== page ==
No, this is not a tsunami warning. But did you know that our coasts may have been hit by several tsunamis over the past 15,000 years? Ireland’s stormy seas have thrown many other events at us too.
It’s no secret that Ireland is lashed by stormy seas from time to time. RTÉ’s Teresa Mannion can attest to that. She’s braved many a storm to warn us of treacherous roads and the dangers of swimming in the sea. Her Storm Desmond weather warnings lifted our spirits during some very bad weather and achieved viral fame around the world.
But here at Old Moore’s we’ve recently discovered a remarkable interactive map of Ireland’s extreme wave events that allows you to explore for yourself just how treacherous Ireland’s stormy seas can be.
The map was put together by researchers from universities in Ireland, England and France. They compiled a catalogue of tsunamis, storm surges and huge waves dating from the turn of the last ice age right up to the present time.
So where did they get this information from, we hear you ask. The researchers used a combination of sources to build a picture of these extreme wave events – eyewitness accounts, newspaper reports, scientific reports, and data from ocean recording devices. They note that caution should be used when interpreting the eye witness accounts, which may not be 100% reliable.
But you don’t need to worry about a tsunami hitting your home while you’re sleeping. Most of the map’s recorded tsunamis are listed as questionable or doubtful, and were perhaps large waves generated by stormy conditions.
The oldest event included in the map is the Peach Slide, an underwater landslide that took place almost 15,000 years ago 250km off Ireland’s North West coast, and may have caused a large scale tsunami to hit our shores. Most of the recorded events are more recent, however. Many include breath-taking eye witness accounts of huge waves and damage to property but also, sadly, loss of life.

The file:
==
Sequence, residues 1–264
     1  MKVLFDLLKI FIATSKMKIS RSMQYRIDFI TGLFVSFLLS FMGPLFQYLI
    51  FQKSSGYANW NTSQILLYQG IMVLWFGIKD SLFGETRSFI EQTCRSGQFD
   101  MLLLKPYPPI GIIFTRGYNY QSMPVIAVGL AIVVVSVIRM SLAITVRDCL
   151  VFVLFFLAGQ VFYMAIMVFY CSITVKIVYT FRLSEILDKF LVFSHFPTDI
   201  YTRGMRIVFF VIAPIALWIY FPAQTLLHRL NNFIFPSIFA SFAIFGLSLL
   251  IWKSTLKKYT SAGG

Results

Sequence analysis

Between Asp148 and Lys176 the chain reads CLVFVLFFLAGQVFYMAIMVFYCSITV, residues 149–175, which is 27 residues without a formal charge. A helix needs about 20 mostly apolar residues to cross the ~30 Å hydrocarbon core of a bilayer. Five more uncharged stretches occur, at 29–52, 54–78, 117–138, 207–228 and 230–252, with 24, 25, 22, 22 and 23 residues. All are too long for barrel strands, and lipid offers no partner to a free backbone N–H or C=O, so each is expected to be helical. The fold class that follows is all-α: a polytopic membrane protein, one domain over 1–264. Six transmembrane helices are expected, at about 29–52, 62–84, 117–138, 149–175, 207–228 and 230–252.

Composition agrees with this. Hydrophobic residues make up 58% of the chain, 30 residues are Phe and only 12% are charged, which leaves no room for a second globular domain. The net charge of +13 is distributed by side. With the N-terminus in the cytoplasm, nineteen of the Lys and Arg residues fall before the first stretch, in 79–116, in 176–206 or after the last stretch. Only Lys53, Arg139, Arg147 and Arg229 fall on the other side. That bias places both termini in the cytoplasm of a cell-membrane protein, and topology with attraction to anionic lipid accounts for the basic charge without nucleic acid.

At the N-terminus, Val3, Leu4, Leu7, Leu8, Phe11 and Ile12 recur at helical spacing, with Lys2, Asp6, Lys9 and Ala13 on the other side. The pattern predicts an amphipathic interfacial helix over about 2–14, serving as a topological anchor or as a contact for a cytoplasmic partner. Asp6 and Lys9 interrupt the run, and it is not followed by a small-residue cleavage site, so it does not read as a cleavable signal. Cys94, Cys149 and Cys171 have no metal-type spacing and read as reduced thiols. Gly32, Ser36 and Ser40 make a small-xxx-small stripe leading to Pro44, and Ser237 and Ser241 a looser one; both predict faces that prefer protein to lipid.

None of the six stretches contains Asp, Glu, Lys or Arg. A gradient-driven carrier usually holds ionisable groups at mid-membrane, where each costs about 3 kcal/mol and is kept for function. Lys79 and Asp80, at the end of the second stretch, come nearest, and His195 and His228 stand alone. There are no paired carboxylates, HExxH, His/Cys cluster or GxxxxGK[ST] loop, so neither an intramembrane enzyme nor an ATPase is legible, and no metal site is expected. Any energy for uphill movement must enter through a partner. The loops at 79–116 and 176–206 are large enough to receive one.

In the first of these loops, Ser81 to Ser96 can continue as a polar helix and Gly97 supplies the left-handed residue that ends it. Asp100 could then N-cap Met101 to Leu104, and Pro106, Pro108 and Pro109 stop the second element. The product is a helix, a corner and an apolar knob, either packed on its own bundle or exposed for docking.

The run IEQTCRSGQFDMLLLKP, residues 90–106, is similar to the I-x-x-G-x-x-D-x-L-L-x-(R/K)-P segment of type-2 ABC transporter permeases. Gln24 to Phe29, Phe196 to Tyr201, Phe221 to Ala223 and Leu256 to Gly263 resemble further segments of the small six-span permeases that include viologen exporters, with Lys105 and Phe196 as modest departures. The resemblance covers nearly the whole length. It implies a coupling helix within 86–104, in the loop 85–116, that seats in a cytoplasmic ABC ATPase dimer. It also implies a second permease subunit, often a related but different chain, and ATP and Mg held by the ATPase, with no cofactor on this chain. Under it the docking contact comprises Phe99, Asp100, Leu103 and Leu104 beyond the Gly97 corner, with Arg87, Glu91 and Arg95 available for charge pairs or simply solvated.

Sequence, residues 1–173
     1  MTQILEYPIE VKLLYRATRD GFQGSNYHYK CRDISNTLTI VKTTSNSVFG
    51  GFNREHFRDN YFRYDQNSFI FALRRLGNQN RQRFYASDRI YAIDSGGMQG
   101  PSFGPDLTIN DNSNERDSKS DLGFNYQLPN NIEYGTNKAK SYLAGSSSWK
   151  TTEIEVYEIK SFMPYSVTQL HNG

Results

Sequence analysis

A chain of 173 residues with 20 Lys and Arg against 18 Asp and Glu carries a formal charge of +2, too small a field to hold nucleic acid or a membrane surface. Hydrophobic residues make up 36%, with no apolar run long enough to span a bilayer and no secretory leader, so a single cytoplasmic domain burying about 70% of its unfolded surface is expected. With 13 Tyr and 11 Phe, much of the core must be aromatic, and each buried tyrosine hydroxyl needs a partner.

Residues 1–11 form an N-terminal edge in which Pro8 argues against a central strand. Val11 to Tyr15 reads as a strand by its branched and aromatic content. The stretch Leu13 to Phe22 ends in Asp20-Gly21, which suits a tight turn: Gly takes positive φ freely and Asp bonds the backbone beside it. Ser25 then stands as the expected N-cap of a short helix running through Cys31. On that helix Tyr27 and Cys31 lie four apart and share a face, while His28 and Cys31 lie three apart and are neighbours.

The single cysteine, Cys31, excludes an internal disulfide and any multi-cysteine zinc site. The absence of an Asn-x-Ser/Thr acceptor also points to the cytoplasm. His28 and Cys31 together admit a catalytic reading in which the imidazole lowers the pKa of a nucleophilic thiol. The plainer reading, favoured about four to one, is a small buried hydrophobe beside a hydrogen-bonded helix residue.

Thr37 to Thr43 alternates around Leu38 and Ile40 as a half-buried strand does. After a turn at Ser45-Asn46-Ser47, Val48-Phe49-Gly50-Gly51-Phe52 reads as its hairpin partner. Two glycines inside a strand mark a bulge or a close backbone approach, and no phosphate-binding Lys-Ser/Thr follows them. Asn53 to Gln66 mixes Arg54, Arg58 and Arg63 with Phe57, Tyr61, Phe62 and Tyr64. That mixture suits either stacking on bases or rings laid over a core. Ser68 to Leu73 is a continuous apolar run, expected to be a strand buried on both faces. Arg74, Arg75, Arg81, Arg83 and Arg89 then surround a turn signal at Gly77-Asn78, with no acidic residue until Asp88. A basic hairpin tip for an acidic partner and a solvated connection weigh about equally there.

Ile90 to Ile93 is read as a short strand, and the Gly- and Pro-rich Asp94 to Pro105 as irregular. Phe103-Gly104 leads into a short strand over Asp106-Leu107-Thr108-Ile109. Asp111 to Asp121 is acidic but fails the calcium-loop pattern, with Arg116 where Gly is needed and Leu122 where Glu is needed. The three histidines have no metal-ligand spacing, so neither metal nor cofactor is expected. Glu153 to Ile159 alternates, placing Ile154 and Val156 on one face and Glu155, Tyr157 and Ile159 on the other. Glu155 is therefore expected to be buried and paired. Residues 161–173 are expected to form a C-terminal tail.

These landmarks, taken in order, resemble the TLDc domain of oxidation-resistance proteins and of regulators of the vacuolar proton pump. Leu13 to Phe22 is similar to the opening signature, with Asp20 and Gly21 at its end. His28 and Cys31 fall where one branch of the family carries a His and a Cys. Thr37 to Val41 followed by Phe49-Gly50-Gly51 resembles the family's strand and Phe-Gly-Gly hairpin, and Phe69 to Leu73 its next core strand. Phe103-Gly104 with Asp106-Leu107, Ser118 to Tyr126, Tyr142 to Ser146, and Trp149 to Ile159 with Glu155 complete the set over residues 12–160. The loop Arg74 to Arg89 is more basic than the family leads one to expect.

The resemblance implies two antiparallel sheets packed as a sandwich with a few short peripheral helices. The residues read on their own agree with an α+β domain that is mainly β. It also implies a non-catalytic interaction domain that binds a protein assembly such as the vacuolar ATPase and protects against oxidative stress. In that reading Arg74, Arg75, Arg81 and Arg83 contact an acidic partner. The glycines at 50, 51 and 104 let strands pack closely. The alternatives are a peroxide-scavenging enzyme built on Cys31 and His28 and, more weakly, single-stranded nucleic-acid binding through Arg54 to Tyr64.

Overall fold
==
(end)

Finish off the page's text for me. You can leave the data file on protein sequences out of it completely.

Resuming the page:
Incredible Eye Witness Accounts
One spectacular event included in the map is Oíche na Gaoithe Móire (the Night of the Big Wind). This storm, probably the most damaging storm to hit Ireland in centuries, occurred in January 1839. According to stories that have survived through generations, large quantities of sand from Ballyshannon Harbour in Co. Donegal were moved two miles inland, and three acres of bog in Limerick were moved nearly a mile. Many houses were damaged and people spoke of sea water being carried inland and pouring down chimneys.
It was even recorded that waves broke over the Cliffs of Moher during the storm, an astonishing sight to imagine. A ship’s log book gave an account of the ship being thrown onto a reef but luckily the crew escaped two hours later when ‘a dreadful sea lifted the whole brig clear off the reef.’ Wow.
There’s many more fascinating eye witness accounts, like the stories from Eagle Island Lighthouse, off the coast of County Mayo. In 1837, ‘an ocean wave (there being no hurricane at the time)… swept over the island, the lightkeepers with their families taking refuge in the tower, just in time to save their lives, when the roofs of the dwelling homes were carried away... The sea… must have risen at least 350 feet.’
Another account from Eagle Island describes an event in March 1861 when ‘the light room of the East tower was struck by the sea smashing 23 panes, washing some of the lamps down the stairs, and damaging the reflectors with broken glass beyond repair. It must have been an incredible wave to have come up 133 feet of rock and then a further 87 feet of lighthouse tower to cause so much damage’.
Check out the map yourself for more of these fascinating stories. And remember, don’t take risks on treacherous roads.